Bob Stiles: "Father of the College"

Have you ever wondered about the photo of the old Yankee farmer that is prominently displayed in the Hampshire post office, facing the service window? This is a portrait of Robert (Bob) Stiles, farmer, owner of part of the land on which Hampshire was built, and long-time employee of the post office. On the occasion of his 80th birthday, he was named, by resolution of the college senate, "Father of the College".

Bob was born in 1906, in the building that currently houses the Admissions Office. At the time, the campus was a dairy and vegetable farm, and a trolley ran along Rte. 116 from Holyoke to Amherst. Bob's family kept a herd of 40 Holsteins, as well as horses and chickens. He sold eggs and apples to Mount Holyoke College. His family valued education (his brother Wayne graduated from Amherst College), so when Chuck Longsworth (the first college employee and the second president of Hampshire) came looking to buy his land as the site of a new college, Bob was very receptive. When the deal was struck, Bob moved with his sister to the building which now houses the Human Resources Office, and Stiles House became the first tenanted building of the new college.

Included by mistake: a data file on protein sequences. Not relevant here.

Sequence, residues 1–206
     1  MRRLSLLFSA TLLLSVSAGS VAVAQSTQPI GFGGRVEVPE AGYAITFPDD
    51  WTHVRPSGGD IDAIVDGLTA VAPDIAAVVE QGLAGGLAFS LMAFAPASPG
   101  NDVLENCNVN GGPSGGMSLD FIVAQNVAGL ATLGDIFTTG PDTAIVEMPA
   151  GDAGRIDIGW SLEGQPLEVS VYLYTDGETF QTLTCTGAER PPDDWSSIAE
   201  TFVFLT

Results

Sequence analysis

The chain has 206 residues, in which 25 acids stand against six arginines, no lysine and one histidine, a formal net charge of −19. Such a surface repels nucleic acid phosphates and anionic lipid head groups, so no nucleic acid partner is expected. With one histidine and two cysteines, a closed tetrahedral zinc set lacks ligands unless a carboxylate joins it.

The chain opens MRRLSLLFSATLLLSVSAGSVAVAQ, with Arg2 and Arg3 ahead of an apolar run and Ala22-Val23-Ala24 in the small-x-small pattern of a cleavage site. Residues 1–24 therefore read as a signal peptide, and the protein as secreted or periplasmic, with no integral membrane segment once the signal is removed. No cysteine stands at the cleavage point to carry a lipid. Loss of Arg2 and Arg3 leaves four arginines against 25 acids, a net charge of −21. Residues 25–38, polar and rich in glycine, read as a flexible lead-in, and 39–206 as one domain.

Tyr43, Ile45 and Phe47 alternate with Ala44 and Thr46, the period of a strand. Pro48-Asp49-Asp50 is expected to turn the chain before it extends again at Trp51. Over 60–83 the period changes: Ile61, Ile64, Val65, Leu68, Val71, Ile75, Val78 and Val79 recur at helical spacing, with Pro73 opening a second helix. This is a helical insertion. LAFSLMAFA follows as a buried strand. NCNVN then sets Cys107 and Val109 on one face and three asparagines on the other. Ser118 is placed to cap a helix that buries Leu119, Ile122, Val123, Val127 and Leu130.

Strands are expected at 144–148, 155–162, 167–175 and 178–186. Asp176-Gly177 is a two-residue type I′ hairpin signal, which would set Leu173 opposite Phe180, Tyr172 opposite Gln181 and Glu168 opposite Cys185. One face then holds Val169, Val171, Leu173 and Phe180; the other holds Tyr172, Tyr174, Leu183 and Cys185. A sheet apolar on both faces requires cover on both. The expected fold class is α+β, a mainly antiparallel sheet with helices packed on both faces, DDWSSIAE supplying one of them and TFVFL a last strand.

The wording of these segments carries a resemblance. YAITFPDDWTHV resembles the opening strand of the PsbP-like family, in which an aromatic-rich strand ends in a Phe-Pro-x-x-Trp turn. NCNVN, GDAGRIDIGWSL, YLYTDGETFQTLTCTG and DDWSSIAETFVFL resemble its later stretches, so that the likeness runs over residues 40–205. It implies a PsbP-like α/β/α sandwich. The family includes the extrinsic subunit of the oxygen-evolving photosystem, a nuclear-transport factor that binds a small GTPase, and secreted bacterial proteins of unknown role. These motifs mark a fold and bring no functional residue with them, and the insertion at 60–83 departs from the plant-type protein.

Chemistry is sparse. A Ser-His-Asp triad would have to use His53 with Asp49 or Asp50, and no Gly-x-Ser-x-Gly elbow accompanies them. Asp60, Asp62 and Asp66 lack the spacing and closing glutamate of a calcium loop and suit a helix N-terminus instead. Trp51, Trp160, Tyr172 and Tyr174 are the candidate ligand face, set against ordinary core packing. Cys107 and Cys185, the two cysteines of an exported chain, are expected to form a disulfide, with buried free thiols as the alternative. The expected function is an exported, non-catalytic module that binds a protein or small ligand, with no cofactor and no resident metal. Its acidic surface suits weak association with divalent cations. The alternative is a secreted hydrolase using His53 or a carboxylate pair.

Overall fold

Bob worked first on preparing the land and existing buildings for Hampshire--among other things, rolling up miles of barbed wire from the former cow pastures.  After the campus was built, he worked for the post office, delivering mail to college offices. He was well known for his wry sense of humor, and his generosity to students, faculty and staff. At a college of mostly young people, he supplied a presence and a connection with the history of the land. At age 79, he still processed 75 quarts of tomato juice every summer from tomatoes grown in his garden, and his applesauce sundaes were legendary. On his 80th birthday, President Adele Simmons read a resolution of the college senate naming him "Father of the College". Bob worked for the college almost until the day he died, at age 80, in 1986.